I also have a problem with pipes freezing in a crawlspace. I own a duplex
that I live on the second and third floor of and rent out the first floor
apartment. Most of the house has a warm basement (oil heater) beneath it but
the kitchen for the first floor apartment was an addition with only a
crawlspace below. As long as I have a tenant, the pipes don't freeze. Not
because I turn the heat off (I don't) but because (I think) the water is run
a few times a day to keep things thawed. My first thought is to get some
warm air from the basement into the crawlspace but it's an old house with
stone basement walls with brick above that. To get a big enough opening for
the air exchange wouldn't be easy. Then I thought why couldn't I run a loop
from the hot water system that feeds the cast iron radiators that heat my
home? I could put the loop in the same joist cavity that the fresh water
supply lines run in. My first concern is where to put a bleeder valve but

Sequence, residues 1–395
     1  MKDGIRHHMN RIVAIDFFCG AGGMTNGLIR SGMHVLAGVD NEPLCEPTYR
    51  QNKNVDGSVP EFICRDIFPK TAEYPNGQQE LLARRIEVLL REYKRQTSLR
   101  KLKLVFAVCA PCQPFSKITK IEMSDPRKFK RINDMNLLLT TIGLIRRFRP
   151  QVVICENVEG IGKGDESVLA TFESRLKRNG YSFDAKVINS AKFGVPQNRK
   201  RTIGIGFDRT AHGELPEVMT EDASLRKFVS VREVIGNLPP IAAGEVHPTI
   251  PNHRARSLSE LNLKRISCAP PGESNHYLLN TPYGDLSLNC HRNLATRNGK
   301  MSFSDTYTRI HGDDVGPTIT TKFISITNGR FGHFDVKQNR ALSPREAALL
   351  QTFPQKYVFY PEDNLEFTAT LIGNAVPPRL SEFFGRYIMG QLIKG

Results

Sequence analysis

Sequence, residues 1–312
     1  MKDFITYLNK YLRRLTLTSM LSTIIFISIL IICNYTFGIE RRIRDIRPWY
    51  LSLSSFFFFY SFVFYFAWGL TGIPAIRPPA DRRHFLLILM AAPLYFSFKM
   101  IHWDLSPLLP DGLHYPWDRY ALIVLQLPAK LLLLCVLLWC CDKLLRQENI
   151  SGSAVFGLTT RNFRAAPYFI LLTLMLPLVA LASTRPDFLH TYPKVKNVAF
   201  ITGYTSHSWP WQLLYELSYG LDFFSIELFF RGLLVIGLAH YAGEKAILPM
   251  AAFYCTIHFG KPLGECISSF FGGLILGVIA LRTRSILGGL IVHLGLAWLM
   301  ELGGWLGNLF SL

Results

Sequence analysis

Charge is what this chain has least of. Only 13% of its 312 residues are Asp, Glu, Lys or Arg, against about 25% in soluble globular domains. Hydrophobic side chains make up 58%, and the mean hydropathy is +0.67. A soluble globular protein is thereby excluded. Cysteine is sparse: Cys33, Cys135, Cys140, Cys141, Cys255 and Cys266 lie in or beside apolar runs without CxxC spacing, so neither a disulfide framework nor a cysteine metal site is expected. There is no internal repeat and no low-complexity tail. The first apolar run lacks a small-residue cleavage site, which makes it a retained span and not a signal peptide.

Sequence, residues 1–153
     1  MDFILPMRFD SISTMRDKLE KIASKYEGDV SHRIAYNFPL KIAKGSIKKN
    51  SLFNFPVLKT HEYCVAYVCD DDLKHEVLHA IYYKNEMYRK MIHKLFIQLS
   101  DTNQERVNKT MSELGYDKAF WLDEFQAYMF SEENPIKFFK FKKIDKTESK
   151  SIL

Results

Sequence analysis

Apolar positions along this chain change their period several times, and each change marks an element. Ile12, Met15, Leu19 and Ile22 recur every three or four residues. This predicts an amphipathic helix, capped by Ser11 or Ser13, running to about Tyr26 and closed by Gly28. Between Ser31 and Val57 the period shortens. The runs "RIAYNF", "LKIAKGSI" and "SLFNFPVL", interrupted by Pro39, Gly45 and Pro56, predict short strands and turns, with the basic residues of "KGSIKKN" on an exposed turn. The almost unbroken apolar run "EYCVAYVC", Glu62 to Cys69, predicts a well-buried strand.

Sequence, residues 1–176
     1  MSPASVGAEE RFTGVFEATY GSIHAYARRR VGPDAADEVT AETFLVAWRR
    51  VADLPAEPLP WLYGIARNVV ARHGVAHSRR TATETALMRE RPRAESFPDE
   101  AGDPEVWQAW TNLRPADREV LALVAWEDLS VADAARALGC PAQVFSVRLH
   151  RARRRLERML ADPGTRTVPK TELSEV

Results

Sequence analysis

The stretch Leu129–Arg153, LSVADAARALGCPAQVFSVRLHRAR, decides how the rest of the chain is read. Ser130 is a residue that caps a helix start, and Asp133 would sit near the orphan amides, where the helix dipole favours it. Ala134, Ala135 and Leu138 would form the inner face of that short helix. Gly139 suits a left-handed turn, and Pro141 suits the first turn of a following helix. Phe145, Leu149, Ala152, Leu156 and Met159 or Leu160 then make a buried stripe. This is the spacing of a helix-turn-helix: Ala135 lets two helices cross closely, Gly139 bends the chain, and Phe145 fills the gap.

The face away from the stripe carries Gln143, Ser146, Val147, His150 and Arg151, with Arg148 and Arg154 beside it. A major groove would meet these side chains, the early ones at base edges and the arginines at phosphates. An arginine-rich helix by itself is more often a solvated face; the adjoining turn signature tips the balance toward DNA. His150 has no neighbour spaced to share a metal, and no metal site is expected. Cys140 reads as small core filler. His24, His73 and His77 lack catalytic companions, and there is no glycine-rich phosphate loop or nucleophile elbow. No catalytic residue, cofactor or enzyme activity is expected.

other than that I think it would throw off enough heat to keep things above
freezing down there. The added bonus is that it's not wasted heat because as
the heat rises, it would heat the kitchen floor.
Any thoughts? Do you think it would work or can you improve on it? I thought
I would use cast pipe (galvanized or black? I don't know) because I thought
it would continue to hold and radiate heat better than copper when the
circulator is not on.
Thanks for any help.
Thanks, yes that is what I'm doing now. Sadly I can't leave well enough
alone and I'm always trying to build a better mouse trap. I just figure
using the heat I am already making would be more efficient than the electric
for heat tape.
One of the key points about insulating...
don't just wrap up the pipes to insulate them...
instead place the insulatoin to form a barrier from the pipes tot the
cold space but not a barrier between the pipes and the warm space.
Isulation does not keep things warm it just reduces the flow of heat,
you want the heat to be able to flow from the kitchen to the pipes.
How about a passive hot water recirculating valve. These usually attach
under a bathroom sink(furthest from tank) from hot to cold when the hot
valve cools to a setpoint, the recirc valve opens up and allows hot to flow
into the cold line. Here is one of several products
http://www.hotwaterlobster.com/ and it requires no electricity and no pump
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